Open Doors USA has explored the reasons why North Korean leader Kim Jong Un remains “afraid” of Christianity. Their findings go to the heart of people’s beliefs about Jesus.
Sunday, November 4 is the annual day set aside for believers to intervene in prayer for oppressed Christians worldwide.
The organization recently launched new resources online detailing the human rights violations of the North Korea regime, which is infamously ranked as the world’s most dangerous place to be a Christian.
But why is Kim Jon Un afraid of Christians and Jesus?
“It’s likely because people who are following Jesus and who are committed to one another mean there are people he can’t control, and who follow a greater King. It means there are people who practice radical love for each other and for Jesus — who won’t so easily follow him and the lies of his regime,” Open Doors USA suggested.
“This is why Christians continue to be seen as ‘dangerous’ and are also part of the hostile class, according to the country’s social system called songbun. What this means is that anyone who is known to be a follower of Jesus is immediately assumed to be a hostile political figure.”
The organization, which lists North Korea as the No.1 worst persecutor of Christians around the world, noted that Christianity “directly challenges the notion of any Supreme Leader and the idea that there is any master outside of Jesus Christ. Additionally, Christianity offers a new way and identity for people in North Korea. Both aspects of faith are direct threats to the ruling family of North Korea.”
Kim has reportedly made the unprecedented move of inviting Roman Cathoic leader Pope Francis to visit him in Pyongyang, with reports indicating that the pontiff is considering agreeing to the meeting.
Kim, who earlier this year met U.S. President Donald Trump in another historic and unprecedented meeting, has been criticized by Trump and the United Nations for human rights abuses in the country’s labor camps. It was reported that Trump brought up the camps and the plight Christians in his private meetings with the dictator–the first U.S. president ever to make it an issue.
Kim continues making moves to meet major world leaders, though the consequences of that for the suffering minorities in his country, including close to 300,000 Christians, are yet unclear.
Back in May, the congressionally-mandated 2017 International Religious Freedom report by the U.S. found that there are between 80,000 to 120,000 people trapped in North Korea camps, many imprisoned for their faith.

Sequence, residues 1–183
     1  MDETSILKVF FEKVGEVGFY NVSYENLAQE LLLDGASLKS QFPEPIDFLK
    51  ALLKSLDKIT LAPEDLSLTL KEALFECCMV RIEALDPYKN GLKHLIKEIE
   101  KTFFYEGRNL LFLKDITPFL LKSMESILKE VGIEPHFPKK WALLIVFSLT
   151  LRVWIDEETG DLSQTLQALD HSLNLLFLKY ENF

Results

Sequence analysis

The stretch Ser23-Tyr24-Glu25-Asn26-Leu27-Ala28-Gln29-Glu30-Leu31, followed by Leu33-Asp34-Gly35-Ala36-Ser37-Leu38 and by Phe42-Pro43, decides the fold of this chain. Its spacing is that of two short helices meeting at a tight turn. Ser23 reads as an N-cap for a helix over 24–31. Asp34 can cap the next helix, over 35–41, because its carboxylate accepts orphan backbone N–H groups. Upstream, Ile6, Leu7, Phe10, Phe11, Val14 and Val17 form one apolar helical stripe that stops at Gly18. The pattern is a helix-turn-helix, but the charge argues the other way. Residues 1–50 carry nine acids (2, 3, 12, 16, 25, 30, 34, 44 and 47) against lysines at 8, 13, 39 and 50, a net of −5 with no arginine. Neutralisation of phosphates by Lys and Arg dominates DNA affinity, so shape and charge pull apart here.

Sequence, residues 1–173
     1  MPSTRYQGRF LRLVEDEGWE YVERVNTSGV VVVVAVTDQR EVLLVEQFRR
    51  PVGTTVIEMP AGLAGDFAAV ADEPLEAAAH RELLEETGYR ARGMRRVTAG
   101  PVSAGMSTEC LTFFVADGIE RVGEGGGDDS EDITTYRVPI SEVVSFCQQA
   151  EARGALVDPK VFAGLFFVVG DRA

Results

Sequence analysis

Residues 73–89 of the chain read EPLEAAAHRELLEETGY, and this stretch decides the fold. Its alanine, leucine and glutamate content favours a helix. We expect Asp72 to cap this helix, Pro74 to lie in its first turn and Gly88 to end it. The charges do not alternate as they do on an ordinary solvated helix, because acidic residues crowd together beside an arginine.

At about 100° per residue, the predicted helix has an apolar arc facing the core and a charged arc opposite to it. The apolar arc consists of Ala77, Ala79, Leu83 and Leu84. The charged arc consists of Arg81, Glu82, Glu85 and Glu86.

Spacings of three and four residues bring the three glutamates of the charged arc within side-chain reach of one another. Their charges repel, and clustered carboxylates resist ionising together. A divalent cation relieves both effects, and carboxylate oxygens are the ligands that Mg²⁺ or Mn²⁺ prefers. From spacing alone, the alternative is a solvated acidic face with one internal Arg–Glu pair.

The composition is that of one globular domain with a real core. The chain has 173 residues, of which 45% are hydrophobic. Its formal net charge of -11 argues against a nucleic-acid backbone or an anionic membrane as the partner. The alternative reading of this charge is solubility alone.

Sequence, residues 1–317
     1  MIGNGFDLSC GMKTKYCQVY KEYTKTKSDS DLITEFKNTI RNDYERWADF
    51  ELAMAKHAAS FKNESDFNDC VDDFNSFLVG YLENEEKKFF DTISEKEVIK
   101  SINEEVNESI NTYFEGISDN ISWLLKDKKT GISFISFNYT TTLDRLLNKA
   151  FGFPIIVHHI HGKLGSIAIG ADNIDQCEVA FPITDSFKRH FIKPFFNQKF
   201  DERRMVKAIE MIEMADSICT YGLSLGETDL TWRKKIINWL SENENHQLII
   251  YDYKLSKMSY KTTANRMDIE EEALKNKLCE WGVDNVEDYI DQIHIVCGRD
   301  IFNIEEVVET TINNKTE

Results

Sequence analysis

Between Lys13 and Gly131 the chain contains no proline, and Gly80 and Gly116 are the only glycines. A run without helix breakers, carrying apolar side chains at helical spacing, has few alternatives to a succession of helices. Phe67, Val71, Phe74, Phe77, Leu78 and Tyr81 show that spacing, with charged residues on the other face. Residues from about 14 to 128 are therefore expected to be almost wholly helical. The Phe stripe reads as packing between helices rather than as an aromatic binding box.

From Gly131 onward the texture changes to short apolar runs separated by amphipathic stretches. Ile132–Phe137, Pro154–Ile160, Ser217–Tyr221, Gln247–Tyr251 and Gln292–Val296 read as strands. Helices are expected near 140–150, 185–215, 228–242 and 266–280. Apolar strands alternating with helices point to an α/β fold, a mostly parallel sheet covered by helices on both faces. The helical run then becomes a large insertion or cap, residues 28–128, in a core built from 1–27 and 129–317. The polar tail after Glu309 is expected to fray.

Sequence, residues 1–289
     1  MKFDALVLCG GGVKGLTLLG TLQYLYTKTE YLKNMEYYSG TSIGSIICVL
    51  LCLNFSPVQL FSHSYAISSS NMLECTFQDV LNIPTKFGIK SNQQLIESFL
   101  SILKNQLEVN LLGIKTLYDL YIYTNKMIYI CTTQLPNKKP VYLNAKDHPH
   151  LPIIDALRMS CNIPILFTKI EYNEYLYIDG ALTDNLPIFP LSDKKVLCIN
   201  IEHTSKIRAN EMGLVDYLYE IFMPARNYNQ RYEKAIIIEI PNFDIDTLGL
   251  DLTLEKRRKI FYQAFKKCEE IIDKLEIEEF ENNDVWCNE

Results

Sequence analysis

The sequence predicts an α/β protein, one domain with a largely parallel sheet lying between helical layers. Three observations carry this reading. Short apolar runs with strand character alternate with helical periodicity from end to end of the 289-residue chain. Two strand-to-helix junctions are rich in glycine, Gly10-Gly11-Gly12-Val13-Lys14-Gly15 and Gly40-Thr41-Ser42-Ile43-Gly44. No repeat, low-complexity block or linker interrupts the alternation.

“The government continued to deal harshly with those who engaged in almost any religious practices through executions, torture, beatings, and arrests,” the report stated.
“An estimated 80,000 to 120,000 political prisoners, some imprisoned for religious reasons, were believed to be held in the political prison camp system in remote areas under horrific conditions.
“Religious and human rights groups outside the country continued to provide numerous reports that members of underground churches were arrested, beaten, tortured, and killed because of their religious beliefs.”
Christian defectors have spoken of torture they have suffered at the hands of the North Korean regime. Believers are often thrown in prison or even executed if they are found with a Bible.
Amid the uncertainty for believers, Open Doors urged people to pray.
“Please continue to join your brothers and sisters in North Korea in prayer. Pray for their strength in the face of a regime that views their faith as a special threat. Pray for God’s grace in every situation. And pray for a change in the hearts of the regime, that they would see the love of Jesus as the road to truth and peace,” the group stated.
Christain leaders remain hopeful that the meeting with President Trump and continued negotiations over the denuclearization of the North will result in an opening up of the society. That thaw could lead to the release of Christians and others from prison.
For President Trump, who has spoken out on behalf of persecuted Christians around the world, that accomplishment would prove as historic as any nuclear agreement.